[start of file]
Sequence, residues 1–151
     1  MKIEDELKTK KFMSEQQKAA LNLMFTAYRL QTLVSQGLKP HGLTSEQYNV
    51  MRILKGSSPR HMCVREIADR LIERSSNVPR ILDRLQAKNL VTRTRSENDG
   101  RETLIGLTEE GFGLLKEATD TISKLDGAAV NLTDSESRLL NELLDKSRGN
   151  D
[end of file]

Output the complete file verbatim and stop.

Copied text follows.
Sequence, residues 1–151
     1  MKIEDELKTK KFMSEQQKAA LNLMFTAYRL QTLVSQGLKP HGLTSEQYNV
    51  MRILKGSSPR HMCVREIADR LIERSSNVPR ILDRLQAKNL VTRTRSENDG
   101  RETLIGLTEE GFGLLKEATD TISKLDGAAV NLTDSESRLL NELLDKSRGN
   151  D